By Andrea Mackenzie, General Manager
On August 16, 2020, a thunderstorm that produced thousands of lightning strikes ignited a series of fires in San Mateo and Santa Cruz counties that merged to become the CZU Lightning Complex Fire, burning 86,509 acres in the Santa Cruz Mountains, destroying 1,490 structures, and causing extensive damage to protected natural areas and historic resources in Big Basin State Park, Butano State Park, and San Vicente Redwoods.
Two days later, on August 18th, across the Santa Clara Valley to the east, lightning strikes ignited fires in the Diablo Range counties of Contra Costa, Alameda, Santa Clara, and Stanislaus that soon merged into one mega fire known as the SCU Lightning Complex. The SCU Lightning Complex Fire burned from north of the Alameda County line and Sunol Regional Wilderness to Henry Coe State Park and Hwy 152 to the south, consuming two-thirds of Northern California’s largest state park. Forty-four days and over 396,000 acres later, the third largest wildfire in recorded state history is now contained.
The SCU Lightning Complex Fire, seen from San Jose
Reflecting on these and other fires still burning in Northern California and across the state, it’s hard not to feel a sense of loss and despair. Our hearts go out to those who lost loved ones, whose homes and businesses were destroyed, and to all who were and still are displaced as a result of the fires.
The CZU and SCU Lightning Complex Fires that burned on both sides of Silicon Valley were unprecedented in size and intensity, but not unpredicted by scientists who have warned for years about the potential for such catastrophes as the effects of climate change take hold.
For over 150 years humans have actively suppressed fires, contrary to the practices of indigenous peoples who used fire as an effective management tool. Fire suppression over many decades coupled with the effects of climate change has led to increased density and accumulation of vegetation and creation of tinderbox conditions in our wildland areas. Climate change is increasing temperatures and droughts and contributing to increased intensity and frequency of wildfires. And as development has encroached into open space and wildland areas, this has hampered efforts to effectively manage vegetation through prescribed burns and has increased the risks of catastrophic fire, loss of life, and destruction of homes.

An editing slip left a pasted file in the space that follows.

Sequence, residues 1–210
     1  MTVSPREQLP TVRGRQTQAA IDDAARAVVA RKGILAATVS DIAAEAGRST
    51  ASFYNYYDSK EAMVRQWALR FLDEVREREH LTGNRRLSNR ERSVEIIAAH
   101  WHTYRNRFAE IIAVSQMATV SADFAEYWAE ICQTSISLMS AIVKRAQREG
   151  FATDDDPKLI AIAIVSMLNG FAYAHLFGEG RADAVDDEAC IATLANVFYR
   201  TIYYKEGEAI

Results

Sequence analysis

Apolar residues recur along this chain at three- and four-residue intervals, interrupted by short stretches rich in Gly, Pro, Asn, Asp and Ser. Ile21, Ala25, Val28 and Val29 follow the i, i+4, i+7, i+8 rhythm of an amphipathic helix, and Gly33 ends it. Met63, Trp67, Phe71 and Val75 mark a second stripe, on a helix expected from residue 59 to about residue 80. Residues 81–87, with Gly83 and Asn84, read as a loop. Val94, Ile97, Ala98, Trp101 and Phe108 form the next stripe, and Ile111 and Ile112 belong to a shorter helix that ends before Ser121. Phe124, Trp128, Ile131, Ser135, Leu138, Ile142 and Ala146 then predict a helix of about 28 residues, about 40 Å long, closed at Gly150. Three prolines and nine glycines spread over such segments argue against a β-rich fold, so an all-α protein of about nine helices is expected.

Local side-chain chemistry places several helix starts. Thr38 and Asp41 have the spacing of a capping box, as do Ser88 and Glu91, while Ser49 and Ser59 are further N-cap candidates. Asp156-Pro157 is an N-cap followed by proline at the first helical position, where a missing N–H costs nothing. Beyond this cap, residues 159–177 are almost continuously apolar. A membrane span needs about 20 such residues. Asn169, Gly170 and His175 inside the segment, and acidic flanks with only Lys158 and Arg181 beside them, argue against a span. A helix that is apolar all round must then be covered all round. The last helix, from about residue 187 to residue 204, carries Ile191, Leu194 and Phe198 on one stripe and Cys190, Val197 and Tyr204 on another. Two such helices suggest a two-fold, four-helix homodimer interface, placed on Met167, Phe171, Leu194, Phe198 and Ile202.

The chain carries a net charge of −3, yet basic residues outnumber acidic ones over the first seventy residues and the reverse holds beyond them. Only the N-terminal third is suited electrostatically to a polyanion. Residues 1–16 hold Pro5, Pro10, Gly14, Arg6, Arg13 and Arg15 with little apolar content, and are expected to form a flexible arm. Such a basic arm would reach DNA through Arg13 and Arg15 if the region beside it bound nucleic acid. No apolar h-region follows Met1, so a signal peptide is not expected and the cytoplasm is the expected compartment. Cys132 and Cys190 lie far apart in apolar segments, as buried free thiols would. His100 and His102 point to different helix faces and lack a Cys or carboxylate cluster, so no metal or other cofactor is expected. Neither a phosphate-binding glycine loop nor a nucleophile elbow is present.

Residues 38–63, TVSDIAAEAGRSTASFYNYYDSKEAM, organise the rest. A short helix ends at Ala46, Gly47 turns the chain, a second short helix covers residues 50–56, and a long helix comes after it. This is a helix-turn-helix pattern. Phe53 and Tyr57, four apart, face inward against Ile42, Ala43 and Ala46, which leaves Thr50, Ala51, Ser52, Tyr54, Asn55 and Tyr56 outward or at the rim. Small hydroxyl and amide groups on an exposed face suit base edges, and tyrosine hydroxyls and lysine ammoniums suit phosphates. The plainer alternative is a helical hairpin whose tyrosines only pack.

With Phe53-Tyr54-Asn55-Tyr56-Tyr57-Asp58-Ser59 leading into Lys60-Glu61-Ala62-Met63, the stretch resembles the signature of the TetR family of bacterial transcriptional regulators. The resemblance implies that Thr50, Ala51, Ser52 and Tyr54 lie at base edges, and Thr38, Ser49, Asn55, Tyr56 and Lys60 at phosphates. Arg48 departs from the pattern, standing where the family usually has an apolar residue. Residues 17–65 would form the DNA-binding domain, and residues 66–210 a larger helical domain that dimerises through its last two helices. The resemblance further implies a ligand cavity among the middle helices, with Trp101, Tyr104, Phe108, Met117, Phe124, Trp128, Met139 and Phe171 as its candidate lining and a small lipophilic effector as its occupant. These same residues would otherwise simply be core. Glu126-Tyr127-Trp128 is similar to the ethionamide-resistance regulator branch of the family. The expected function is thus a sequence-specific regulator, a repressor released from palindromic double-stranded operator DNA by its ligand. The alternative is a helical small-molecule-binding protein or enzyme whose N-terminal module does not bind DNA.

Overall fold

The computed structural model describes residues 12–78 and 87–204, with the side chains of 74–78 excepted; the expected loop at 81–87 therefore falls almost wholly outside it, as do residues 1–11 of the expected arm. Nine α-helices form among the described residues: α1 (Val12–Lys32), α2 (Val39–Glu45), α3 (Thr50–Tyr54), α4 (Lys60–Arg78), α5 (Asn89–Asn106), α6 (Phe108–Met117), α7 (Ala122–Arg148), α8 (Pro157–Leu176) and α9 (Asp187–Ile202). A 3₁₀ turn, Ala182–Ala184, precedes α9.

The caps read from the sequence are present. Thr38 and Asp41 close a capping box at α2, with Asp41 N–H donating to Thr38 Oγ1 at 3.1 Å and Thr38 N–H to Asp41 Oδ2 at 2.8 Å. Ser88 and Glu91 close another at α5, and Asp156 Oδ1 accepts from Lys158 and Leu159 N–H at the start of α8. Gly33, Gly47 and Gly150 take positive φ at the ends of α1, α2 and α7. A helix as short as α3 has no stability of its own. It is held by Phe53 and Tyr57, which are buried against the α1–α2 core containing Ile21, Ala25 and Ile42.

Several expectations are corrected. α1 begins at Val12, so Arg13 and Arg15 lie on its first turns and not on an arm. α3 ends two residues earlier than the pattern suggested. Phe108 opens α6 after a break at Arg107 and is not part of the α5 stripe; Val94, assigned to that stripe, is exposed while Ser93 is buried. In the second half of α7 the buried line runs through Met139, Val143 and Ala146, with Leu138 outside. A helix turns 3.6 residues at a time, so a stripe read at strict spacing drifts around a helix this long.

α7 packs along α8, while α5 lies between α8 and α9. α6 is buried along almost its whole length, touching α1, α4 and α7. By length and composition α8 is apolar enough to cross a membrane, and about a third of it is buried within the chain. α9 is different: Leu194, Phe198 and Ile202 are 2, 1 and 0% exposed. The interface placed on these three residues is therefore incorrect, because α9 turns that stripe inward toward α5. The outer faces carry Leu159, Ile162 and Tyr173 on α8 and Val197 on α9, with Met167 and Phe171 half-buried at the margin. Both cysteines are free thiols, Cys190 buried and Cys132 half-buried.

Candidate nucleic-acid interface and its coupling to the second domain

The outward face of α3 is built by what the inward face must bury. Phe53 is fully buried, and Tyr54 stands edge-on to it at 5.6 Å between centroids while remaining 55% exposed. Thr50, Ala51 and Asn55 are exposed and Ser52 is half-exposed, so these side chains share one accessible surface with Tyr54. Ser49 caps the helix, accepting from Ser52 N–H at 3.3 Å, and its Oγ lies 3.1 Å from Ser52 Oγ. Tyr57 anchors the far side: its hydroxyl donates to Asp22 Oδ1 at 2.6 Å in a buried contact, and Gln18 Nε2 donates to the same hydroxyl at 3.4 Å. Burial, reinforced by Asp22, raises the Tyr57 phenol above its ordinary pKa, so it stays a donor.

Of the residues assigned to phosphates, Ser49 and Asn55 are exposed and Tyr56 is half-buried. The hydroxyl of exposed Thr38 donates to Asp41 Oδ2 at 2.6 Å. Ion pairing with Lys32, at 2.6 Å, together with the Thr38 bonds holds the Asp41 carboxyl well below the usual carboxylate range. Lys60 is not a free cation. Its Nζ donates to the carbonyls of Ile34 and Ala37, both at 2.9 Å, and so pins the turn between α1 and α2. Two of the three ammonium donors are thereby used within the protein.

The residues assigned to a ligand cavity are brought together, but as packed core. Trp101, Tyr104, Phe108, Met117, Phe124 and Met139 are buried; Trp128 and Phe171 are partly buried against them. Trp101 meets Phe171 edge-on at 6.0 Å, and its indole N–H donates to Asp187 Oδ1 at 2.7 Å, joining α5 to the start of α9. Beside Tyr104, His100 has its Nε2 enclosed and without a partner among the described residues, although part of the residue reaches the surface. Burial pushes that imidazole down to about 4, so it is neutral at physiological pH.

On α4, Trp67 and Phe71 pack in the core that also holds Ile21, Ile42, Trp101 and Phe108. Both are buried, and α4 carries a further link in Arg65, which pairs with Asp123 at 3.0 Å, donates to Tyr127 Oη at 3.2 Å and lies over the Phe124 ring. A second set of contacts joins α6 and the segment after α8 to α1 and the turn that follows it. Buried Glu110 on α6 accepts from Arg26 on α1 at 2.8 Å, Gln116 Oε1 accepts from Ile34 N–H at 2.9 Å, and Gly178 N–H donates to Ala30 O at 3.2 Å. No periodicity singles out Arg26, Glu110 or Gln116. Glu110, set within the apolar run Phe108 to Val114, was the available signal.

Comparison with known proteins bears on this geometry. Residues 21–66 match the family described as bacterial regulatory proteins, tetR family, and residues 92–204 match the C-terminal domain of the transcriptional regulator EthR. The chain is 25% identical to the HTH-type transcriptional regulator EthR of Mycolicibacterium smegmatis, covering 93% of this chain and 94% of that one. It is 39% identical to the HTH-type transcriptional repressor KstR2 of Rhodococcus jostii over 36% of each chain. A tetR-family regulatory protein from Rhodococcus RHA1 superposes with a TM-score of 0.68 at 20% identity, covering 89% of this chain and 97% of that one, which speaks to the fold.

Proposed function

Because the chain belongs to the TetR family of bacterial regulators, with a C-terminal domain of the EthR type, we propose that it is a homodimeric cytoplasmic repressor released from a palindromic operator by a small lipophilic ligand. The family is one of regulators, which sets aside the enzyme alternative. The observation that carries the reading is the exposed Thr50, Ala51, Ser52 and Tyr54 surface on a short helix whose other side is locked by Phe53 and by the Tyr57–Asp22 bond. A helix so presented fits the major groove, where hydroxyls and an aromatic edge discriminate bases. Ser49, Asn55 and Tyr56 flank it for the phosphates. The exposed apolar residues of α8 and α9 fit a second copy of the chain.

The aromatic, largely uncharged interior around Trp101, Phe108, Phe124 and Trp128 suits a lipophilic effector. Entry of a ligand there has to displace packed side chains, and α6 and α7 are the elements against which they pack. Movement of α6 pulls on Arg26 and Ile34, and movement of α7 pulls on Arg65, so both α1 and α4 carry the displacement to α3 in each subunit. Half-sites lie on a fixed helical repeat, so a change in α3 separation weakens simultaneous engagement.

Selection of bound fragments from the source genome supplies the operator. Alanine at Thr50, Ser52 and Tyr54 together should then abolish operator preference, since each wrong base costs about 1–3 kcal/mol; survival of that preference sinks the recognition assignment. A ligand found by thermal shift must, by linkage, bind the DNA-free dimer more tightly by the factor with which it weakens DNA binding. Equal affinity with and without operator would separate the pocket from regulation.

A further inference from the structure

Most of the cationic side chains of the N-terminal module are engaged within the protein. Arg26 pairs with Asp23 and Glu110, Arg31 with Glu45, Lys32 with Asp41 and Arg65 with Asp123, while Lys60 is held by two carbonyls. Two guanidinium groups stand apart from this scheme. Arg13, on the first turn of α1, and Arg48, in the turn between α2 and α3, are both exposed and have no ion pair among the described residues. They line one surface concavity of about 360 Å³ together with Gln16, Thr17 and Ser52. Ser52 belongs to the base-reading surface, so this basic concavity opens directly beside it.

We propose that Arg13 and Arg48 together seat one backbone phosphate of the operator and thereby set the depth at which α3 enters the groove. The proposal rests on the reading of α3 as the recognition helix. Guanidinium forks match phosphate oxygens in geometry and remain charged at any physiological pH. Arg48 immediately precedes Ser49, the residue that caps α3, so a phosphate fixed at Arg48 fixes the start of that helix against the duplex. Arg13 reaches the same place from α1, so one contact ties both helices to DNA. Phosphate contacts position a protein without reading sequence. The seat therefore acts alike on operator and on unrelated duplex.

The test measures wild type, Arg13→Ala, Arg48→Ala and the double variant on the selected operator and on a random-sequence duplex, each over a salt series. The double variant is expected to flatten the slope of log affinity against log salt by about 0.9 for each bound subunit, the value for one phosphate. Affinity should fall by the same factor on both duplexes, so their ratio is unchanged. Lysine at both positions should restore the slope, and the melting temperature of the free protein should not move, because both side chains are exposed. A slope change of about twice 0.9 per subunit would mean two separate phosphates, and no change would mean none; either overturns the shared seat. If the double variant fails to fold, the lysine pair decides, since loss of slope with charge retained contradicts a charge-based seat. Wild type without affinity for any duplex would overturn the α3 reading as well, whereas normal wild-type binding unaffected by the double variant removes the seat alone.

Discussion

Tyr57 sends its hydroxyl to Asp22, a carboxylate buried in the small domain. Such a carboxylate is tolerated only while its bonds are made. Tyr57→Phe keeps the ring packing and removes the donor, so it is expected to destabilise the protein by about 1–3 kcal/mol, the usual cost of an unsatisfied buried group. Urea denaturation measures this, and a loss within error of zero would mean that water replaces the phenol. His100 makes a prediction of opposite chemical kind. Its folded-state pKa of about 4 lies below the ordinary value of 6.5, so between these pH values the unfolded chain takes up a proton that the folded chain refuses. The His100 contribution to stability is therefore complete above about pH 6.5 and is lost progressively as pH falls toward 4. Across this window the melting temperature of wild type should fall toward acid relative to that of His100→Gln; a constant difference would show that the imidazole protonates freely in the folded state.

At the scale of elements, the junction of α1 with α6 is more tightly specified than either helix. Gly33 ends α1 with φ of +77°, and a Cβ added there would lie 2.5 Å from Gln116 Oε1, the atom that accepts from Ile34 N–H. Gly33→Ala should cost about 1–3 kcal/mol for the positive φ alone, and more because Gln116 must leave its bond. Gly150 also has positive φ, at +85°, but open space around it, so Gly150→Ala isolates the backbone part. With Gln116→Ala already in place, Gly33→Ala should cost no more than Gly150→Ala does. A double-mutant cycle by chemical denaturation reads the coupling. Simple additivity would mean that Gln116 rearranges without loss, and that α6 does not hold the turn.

During the SCU Lightning Complex Fire, the Open Space Authority’s 26,000 acres of preserved lands including Sierra Vista Open Space Preserve in the north to Palassou Ridge Preserve in the south were somehow spared. Open Space Authority field staff had been quick to mobilize at the outbreak of the fires, focusing on keeping preserve visitors safe, and creating defensible space around barns, a historic house and sensitive resources in the preserves. The Palassou Ridge Preserve along Coyote Creek near Henry Coe State Park served as a staging site for CALFIRE operations, with the Authority’s field staff providing logistical support. Lead Open Space Technician Andy Burnside, who was working in the field throughout the duration of the fire said, “Thankfully, the damage to our preserves from the SCU Lightning Complex Fire was minor compared to what might have been. Our main concern throughout the fire event was for the public’s safety, especially in the East San Jose foothills. While a considerable amount of land burned in the Diablo Range, we are relieved there were no lives lost.”
Open Space Authority field staff worked to create defensible space around sensitive resources in the preserves during the SCU Lightning Complex Fire
While scientists and natural resources specialists from many conservation agencies and organizations are still assessing the damage to closed parks, preserves, and other protected natural areas in both the Santa Cruz Mountains and Diablo Range, there is among the ashes, a growing sense of hope that nature will recover and that nature is resilient. Botanists tell us we may well see banner wildflower blooms this spring and that rare plant species in the Diablo Range that are dependent on fire to sprout and haven’t been seen in many years may well re-emerge.
In the wake of these fires, as we rebuild and recover, we must accept that climate change is the new normal; that fire is a part of the natural ecology and is necessary for habitats and diverse species to thrive; and that to mitigate the most serious effects of intense climate-induced fires, we must work together going forward to implement adaptive-management approaches in our forests, woodlands, and grasslands and to help our natural and human communities to heal.